Namibia: Shifeta Launches N$22 Million Climate-Change Project
Minister of environment, forestry and tourism Pohamba Shifeta on Friday launched an ecosystem-based adaptation project at Keetmanshoop.
The project will use ecosystem-based adaptation (EbA) as a cost-effective, low-risk approach to building resilience to climate change across eight different Namibian landscapes.
The project is based on the premise that biodiversity and ecosystems provide valuable services that increase local communities’ resilience against climate change.
Activities undertaken as part of the project will be to maintain and enhance ecosystem integrity to continue supporting the generation of food and income.
This is to reduce the severity of the negative socio-economic impact of climate change on vulnerable rural households.
In addition, adaptive capacities at community level will be improved so that communities are able to sustainably manage natural resources.
This project has an estimated lifespan of five years.
The launch of this project, funded by the Environmental Investment Fund of Namibia (EIF) and the Green Climate Fund (GCF), coincides with the handing over of grants worth N$22 million to community and natural resource-based organisations in the Hardap and //Kharas regions.
Shifeta on Friday said N$106 million has been directly committed to community-based natural resource organisations so far, and these grants have created 200 jobs.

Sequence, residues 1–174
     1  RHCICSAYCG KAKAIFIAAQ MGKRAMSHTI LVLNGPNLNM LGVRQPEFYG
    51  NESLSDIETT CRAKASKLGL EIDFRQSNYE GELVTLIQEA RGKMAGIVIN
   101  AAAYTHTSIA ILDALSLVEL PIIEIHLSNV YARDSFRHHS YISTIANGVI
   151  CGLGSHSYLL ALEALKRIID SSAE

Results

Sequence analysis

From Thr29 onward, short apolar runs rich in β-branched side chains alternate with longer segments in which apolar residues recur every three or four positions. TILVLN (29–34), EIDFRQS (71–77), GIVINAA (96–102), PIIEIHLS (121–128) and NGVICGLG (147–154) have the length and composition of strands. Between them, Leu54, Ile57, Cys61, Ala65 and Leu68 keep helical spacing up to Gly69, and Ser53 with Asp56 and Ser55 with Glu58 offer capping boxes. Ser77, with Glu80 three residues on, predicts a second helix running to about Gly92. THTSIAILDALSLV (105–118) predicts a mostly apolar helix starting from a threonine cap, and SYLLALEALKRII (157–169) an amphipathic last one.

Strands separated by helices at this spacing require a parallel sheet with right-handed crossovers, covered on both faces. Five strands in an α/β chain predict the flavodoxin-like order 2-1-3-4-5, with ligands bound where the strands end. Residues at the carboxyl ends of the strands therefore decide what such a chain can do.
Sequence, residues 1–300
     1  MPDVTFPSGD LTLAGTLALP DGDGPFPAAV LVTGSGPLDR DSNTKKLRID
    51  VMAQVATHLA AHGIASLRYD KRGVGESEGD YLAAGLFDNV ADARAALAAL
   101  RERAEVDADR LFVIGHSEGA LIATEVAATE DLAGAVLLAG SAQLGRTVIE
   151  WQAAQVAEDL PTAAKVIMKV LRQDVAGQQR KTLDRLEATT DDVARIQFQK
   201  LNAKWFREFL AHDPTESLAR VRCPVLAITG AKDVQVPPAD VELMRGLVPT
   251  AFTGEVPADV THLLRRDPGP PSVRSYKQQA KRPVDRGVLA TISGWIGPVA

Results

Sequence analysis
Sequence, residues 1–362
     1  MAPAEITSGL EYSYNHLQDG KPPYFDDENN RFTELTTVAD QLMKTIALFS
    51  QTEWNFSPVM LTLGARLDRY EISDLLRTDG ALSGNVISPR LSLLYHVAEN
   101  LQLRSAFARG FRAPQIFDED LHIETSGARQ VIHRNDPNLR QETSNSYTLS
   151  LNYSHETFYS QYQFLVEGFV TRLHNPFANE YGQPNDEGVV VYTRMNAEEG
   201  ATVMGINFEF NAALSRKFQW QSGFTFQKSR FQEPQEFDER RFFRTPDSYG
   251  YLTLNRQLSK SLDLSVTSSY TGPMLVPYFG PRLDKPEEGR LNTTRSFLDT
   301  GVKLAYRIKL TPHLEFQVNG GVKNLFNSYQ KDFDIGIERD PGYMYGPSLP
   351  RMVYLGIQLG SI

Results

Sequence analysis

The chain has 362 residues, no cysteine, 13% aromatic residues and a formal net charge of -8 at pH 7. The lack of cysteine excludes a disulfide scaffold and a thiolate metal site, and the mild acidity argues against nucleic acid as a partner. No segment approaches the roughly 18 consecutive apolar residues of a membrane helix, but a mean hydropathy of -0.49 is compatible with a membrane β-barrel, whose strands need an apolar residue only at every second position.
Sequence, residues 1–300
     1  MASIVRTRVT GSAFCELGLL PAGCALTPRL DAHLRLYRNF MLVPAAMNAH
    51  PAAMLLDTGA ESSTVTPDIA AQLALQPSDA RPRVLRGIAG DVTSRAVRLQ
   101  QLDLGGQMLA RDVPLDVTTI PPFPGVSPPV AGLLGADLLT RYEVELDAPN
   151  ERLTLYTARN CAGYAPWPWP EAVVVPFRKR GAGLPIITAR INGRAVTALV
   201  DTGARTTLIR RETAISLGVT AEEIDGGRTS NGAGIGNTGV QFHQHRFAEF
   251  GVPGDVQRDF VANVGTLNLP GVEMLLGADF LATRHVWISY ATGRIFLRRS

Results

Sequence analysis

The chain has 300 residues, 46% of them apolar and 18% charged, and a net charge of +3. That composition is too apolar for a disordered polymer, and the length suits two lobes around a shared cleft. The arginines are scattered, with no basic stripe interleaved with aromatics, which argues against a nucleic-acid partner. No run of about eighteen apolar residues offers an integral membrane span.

He warned there will be consequences if the grants are used inappropriately.
Shifeta said adaptation to climate change is arguably one of the biggest challenges facing humanity.
“Climate change is already impacting vulnerable ecosystems such as drylands, mountains and coastal areas,” he said, adding Namibia is not spared.
Shifeta said more than 70% of the Namibian population depends on vulnerable ecosystems for their livelihoods.
It is therefore imperative that Namibia strives to identify pathways to implement adaptive mechanisms to deal with the impact of climate change, he said.
The project will directly benefit about 60 000 people and an additional 156 000 indirectly, the minister said.
Shifeta said between 800 and 1000 households are likely to benefit through community-level adaptation projects, and more than 200 people, comprising government officials and small-scale farmers, will be trained on climate-threat awareness and related appropriate responses.
EIF chief executive officer Benedict Libanda said climate change and its impact can be seen in the country in the annual rainfall reduction of 4%, cereal and livestock reductions of 10%, an increase of 10% in the evaporation rate, and an increase in the number of hot days by 21 per annum.
“So, imagine these impacts in a worst-case scenario that is projected at three degrees global warning by the turn of the century. The results will be devastating for Namibia,” he said.